Vision transformer (ViT) module.

The module is expected to be used as operator for different vision tasks.

The method is inspired from existing implementations of the paper [DBK+21].

Warning

This is an experimental API subject to changes in favor of flexibility.

Parameters
• image_size (int, optional) – the size of the input image. Default: 224

• patch_size (int, optional) – the size of the patch to compute the embedding. Default: 16

• in_channels (int, optional) – the number of channels for the input. Default: 3

• embed_dim (int, optional) – the embedding dimension inside the transformer encoder. Default: 768

• depth (int, optional) – the depth of the transformer. Default: 12

• num_heads (int, optional) – the number of attention heads. Default: 12

• dropout_rate (float, optional) – dropout rate. Default: 0.0

• dropout_attn (float, optional) – attention dropout rate. Default: 0.0

• backbone (Optional[Module], optional) – an nn.Module to compute the image patches embeddings. Default: None

Example

>>> img = torch.rand(1, 3, 224, 224)
>>> vit = VisionTransformer(image_size=224, patch_size=16)
>>> vit(img).shape
torch.Size([1, 197, 768])

class kornia.contrib.MobileViT(mode='xxs', in_channels=3, patch_size=(2, 2), dropout=0.0)[source]#

Module MobileViT. Default arguments is for MobileViT XXS.

Parameters

Example

>>> img = torch.rand(1, 3, 256, 256)
>>> mvit = MobileViT(mode='xxs')
>>> mvit(img).shape
torch.Size([1, 320, 8, 8])


Module to be used as a classification head.

Parameters
• embed_size (int, optional) – the logits tensor coming from the networks. Default: 768

• num_classes (int, optional) – an integer representing the numbers of classes to classify. Default: 10

Example

>>> feat = torch.rand(1, 256, 256)
torch.Size([1, 10])


## Image Stitching#

class kornia.contrib.ImageStitcher(matcher, estimator='ransac', blending_method='naive')[source]#

Stitch two images with overlapping fields of view.

Parameters
• matcher (Module) – image feature matching module.

• estimator (str, optional) – method to compute homography, either “vanilla” or “ransac”. “ransac” is slower with a better accuracy. Default: 'ransac'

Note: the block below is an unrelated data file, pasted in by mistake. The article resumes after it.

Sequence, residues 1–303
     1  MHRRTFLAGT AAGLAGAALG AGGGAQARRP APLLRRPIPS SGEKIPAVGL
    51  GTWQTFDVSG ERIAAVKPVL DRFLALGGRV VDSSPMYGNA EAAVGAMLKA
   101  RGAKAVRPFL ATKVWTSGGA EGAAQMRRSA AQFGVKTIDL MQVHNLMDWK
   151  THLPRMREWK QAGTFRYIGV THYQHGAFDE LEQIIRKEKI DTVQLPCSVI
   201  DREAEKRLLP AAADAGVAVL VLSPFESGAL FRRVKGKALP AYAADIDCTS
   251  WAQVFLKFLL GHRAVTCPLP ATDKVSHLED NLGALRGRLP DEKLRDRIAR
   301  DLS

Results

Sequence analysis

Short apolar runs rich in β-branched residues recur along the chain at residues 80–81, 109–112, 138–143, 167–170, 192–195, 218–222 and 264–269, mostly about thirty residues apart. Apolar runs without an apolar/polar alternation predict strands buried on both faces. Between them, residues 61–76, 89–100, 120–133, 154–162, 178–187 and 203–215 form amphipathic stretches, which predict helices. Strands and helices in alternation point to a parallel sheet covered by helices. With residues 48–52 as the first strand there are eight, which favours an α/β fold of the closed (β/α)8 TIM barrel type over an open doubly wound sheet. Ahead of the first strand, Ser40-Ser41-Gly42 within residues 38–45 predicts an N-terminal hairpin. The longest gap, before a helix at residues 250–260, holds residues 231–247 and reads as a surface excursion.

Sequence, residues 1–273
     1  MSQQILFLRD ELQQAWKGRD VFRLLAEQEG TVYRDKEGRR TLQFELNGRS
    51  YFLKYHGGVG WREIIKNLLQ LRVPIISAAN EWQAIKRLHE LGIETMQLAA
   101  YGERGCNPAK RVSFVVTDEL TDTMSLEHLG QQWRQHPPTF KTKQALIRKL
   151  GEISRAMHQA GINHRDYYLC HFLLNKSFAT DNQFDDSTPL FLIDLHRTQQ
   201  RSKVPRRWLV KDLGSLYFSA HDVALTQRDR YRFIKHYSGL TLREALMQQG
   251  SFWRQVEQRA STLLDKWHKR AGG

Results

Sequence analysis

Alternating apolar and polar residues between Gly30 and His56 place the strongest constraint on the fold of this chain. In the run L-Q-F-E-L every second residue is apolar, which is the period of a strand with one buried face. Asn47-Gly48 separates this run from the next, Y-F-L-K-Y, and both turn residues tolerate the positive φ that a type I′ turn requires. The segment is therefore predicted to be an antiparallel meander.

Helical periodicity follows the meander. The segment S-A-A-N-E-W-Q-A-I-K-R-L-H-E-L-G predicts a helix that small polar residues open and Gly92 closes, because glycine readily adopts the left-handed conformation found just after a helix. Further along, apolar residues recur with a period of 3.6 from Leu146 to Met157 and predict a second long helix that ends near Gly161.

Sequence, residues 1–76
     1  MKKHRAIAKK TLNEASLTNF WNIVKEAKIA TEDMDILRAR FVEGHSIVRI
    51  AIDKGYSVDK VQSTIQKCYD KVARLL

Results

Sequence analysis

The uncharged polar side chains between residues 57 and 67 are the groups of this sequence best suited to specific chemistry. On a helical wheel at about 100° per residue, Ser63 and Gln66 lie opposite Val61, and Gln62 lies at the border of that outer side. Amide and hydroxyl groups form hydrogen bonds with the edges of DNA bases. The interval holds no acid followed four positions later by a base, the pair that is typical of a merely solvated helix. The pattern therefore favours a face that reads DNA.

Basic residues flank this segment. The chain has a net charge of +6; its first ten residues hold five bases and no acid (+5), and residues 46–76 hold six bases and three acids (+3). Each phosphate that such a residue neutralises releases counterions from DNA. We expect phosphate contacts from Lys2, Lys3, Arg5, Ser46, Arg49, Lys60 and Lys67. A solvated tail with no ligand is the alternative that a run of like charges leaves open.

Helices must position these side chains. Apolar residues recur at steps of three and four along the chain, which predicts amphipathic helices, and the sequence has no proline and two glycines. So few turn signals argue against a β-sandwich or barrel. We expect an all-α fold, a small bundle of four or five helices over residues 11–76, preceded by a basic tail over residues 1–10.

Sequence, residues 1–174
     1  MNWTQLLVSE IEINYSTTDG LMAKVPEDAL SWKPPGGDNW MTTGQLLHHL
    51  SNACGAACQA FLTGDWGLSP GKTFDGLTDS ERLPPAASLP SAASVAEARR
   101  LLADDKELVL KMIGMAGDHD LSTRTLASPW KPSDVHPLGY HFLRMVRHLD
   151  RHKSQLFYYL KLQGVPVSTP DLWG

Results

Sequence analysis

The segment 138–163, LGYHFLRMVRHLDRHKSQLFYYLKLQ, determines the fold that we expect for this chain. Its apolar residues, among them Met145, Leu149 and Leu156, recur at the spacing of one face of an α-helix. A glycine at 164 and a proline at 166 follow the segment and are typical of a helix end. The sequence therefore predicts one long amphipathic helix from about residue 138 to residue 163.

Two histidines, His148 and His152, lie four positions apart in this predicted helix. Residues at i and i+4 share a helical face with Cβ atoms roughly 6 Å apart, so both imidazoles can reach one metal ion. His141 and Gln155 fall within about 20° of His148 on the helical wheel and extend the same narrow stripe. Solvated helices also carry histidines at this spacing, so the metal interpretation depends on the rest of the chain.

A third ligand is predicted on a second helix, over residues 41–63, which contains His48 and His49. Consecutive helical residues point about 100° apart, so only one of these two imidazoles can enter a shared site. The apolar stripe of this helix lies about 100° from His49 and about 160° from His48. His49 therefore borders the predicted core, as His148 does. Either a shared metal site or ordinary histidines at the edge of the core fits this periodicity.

• blending_method (str, optional) – method to blend two images together. Only “naive” is currently supported. Default: 'naive'

Note

Current implementation requires strict image ordering from left to right.

IS = ImageStitcher(KF.LoFTR(pretrained='outdoor'), estimator='ransac').cuda()
# Compute the stitched result with less GPU memory cost.
with torch.inference_mode():
out = IS(img_left, img_right)
# Show the result
plt.imshow(K.tensor_to_image(out))


## Lambda#

class kornia.contrib.Lambda(func)[source]#

Applies user-defined lambda as a transform.

Parameters

func (Callable) – Callable function.

Returns

The output of the user-defined lambda.

Example

>>> import kornia
>>> x = torch.rand(1, 3, 5, 5)
>>> f = Lambda(lambda x: kornia.color.rgb_to_grayscale(x))
>>> f(x).shape
torch.Size([1, 1, 5, 5])


## Distance Transform#

kornia.contrib.distance_transform(image, kernel_size=3, h=0.35)[source]#

Approximates the Manhattan distance transform of images using cascaded convolution operations.

The value at each pixel in the output represents the distance to the nearest non-zero pixel in the image image. It uses the method described in [PDP20]. The transformation is applied independently across the channel dimension of the images.

Parameters
• image (Tensor) – Image with shape $$(B,C,H,W)$$.

• kernel_size (int, optional) – size of the convolution kernel. Default: 3

• h (float, optional) – value that influence the approximation of the min function. Default: 0.35

Return type

Tensor

Returns

tensor with shape $$(B,C,H,W)$$.

Example

>>> tensor = torch.zeros(1, 1, 5, 5)
>>> tensor[:,:, 1, 2] = 1
>>> dt = kornia.contrib.distance_transform(tensor)

kornia.contrib.diamond_square(output_size, roughness=0.5, random_scale=1.0, random_fn=torch.rand, normalize_range=None, device=None, dtype=None)[source]#

Generates Plasma Fractal Images using the diamond square algorithm.

Parameters
Return type

Tensor

Returns

A tensor with shape $$(B,C,H,W)$$ containing the fractal image.

class kornia.contrib.DistanceTransform(kernel_size=3, h=0.35)[source]#

Module that approximates the Manhattan (city block) distance transform of images using convolutions.

Parameters
• kernel_size (int, optional) – size of the convolution kernel. Default: 3

• h (float, optional) – value that influence the approximation of the min function. Default: 0.35